On Thursday and Friday I was in Chicago, doing business but also attending the first day of the American Economic Association annual conference. Accordingly, I have a few things I need to catch up on in this article - but first, I want to point out something I observed on the agenda for the AEA. This is a very large conference, with literally thousands of economists (and other hangers on, like me) in attendance. There are roughly 500 sessions of around 2 hours apiece, and most of them consist of four speakers or paper presentations. So, roughly, there are maybe 1700-1800 papers presented at the conference.
Do you know how many I was able to find that involved research relating to inflation? The answer is zero or one, depending on whether you count "Internet Prices in the Great Recession," which was a talk by the guys who developed the "Billion Prices Project" at MIT. What does that mean? I suspect it means that economists think inflation is a dead subject, with not much chance of becoming interesting, and/or they figure we already know everything we need to know about inflation. Neither could be more wrong, in my view.
There were still plenty of interesting sessions. One of the most-interesting and most-timely was a panel discussion by Peter Boone, Ken Singleton, and Carmen Reinhart (co-author of This Time Is Different: Eight Centuries of Financial Folly) that was entitled "Sovereign Default." Simon Johnson, from MIT, moderated this timely panel, and started off by asking the panelists if they thought there would be a sovereign default in Europe within 12-18 months. Reinhart said that Greece and Portugal would go, and with Spain and Italy "it depends on whether they are Too Big To Fail." She said, "it's not even math. It's arithmetic." Peter Boone observed that the real crisis is that bonds which were once treated as sacrosanct (such as Italian govvies, by Italian pension funds) are no longer sacrosanct. If they're not sacrosanct, they need a big risk premium. But if there's a big risk premium in the yield, the sovereign cannot survive.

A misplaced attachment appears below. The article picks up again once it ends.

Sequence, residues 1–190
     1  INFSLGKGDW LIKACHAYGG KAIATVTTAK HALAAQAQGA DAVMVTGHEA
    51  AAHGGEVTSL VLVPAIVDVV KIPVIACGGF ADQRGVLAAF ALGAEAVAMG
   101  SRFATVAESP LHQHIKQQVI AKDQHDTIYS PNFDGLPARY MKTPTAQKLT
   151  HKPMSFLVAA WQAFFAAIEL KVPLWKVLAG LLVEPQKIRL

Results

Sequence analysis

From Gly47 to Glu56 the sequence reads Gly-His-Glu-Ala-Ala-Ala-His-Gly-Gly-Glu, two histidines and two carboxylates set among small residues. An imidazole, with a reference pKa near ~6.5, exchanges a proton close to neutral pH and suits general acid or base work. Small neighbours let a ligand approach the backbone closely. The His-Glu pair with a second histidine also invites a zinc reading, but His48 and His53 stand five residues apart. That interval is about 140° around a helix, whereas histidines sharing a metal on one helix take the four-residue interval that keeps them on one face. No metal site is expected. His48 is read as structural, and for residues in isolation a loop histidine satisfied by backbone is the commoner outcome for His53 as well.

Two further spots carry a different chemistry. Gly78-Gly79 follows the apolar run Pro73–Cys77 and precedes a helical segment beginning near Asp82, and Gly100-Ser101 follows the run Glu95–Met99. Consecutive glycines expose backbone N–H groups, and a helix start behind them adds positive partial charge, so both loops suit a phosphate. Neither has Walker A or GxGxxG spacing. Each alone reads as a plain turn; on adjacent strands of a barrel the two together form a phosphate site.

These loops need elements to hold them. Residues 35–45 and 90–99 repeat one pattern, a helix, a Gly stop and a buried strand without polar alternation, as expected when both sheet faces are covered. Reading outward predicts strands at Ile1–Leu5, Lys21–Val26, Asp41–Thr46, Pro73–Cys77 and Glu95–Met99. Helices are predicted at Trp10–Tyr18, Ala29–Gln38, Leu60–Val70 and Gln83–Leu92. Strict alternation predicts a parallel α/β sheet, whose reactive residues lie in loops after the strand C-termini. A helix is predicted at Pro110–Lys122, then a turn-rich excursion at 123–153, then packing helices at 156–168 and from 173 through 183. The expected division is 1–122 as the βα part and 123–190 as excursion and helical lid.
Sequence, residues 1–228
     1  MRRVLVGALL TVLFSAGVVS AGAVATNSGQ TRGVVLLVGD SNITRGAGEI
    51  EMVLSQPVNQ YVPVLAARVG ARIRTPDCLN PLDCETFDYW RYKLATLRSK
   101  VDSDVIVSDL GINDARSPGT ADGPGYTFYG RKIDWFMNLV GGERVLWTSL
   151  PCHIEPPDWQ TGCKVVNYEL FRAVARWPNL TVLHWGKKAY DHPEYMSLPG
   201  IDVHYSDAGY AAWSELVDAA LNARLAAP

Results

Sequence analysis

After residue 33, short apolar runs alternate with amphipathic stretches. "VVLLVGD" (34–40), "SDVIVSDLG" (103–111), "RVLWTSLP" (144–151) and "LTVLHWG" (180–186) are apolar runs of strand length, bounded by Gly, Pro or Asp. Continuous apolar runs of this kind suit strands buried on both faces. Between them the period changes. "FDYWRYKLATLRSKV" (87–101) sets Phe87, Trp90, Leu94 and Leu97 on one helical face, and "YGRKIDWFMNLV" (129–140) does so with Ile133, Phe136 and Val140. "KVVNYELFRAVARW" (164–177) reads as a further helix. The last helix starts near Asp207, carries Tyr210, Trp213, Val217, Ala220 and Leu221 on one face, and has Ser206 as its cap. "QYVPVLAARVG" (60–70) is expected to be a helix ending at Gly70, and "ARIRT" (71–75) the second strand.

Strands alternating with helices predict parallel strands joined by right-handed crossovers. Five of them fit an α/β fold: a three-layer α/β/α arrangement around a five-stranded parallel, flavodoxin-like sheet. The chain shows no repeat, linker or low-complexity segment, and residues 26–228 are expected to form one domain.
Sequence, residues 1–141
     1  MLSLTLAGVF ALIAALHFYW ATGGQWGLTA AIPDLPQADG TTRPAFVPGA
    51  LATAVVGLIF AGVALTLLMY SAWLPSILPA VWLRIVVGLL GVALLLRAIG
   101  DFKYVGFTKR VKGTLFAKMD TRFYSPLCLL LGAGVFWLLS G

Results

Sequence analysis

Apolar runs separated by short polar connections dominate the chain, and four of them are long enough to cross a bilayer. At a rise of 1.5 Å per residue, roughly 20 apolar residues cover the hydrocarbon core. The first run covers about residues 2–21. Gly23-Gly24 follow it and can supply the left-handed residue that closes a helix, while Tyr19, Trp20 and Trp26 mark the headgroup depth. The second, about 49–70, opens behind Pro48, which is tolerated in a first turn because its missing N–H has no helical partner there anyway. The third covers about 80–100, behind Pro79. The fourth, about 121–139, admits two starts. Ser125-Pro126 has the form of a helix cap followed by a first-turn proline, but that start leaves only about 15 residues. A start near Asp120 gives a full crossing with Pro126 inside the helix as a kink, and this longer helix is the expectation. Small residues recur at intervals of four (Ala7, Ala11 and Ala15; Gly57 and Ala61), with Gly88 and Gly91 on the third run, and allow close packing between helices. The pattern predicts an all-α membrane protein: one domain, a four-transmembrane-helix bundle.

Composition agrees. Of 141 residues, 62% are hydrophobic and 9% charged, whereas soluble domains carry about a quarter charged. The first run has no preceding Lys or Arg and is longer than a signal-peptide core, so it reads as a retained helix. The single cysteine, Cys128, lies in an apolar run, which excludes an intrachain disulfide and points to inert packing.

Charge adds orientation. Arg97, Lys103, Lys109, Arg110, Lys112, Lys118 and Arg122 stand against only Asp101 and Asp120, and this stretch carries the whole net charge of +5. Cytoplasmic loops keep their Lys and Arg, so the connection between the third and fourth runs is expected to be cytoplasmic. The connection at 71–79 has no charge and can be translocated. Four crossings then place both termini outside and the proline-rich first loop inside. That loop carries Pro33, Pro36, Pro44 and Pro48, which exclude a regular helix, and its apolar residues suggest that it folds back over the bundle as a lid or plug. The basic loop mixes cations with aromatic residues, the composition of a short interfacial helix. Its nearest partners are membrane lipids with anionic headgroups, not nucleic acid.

Boone also predicted that "if the citizens of Europe decide they don't trust the Euro, it will all collapse in inflation" (following the ECB's large-scale purchase of bonds to save the market, which he said is really the only way out). He later pointed to Russia's breakup as a good analogy, because each republic had its own central bank with the ability to print money. When people lost confidence in the ruble, the country ended up in inflation. Indeed, it was striking that all three discussants saw inflation, not deflation, as the likely result of an outcome that involved a Euro breakup and/or default. I will have more to report on this session sometime over the next few days...there is a lot to chew on.
So what happened while we were discussing sovereign default? Europe produced its first shudders of the new year. At a 12-month treasury bill auction on Thursday, Hungary failed to raise what it needed, even though it was offering almost 10%. The country was downgraded to junk by Fitch. The EU/IMF pushed back the schedule for Greek disbursements a full three months as they continue to negotiate the second €130 tranche of aid. The €5bln it was supposed to receive in December will instead show up in March, and the €10bln it was supposed to receive in March is now due in June. This is somewhat problematic because Greece has some big redemptions in the first quarter. But the bigger fear is that politicians in Europe are playing a dangerous game in trying to get a leg up on the negotiations.